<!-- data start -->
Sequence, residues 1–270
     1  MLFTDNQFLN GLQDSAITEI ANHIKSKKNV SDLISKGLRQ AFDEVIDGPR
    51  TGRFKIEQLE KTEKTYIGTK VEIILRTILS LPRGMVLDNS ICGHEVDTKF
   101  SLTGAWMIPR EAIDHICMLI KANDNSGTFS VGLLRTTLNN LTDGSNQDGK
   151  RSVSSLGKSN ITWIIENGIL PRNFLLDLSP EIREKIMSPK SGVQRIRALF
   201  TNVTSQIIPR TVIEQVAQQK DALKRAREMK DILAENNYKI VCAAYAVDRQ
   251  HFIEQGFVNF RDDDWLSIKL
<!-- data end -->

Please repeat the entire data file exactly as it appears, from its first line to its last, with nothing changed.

Sequence, residues 1–270
     1  MLFTDNQFLN GLQDSAITEI ANHIKSKKNV SDLISKGLRQ AFDEVIDGPR
    51  TGRFKIEQLE KTEKTYIGTK VEIILRTILS LPRGMVLDNS ICGHEVDTKF
   101  SLTGAWMIPR EAIDHICMLI KANDNSGTFS VGLLRTTLNN LTDGSNQDGK
   151  RSVSSLGKSN ITWIIENGIL PRNFLLDLSP EIREKIMSPK SGVQRIRALF
   201  TNVTSQIIPR TVIEQVAQQK DALKRAREMK DILAENNYKI VCAAYAVDRQ
   251  HFIEQGFVNF RDDDWLSIKL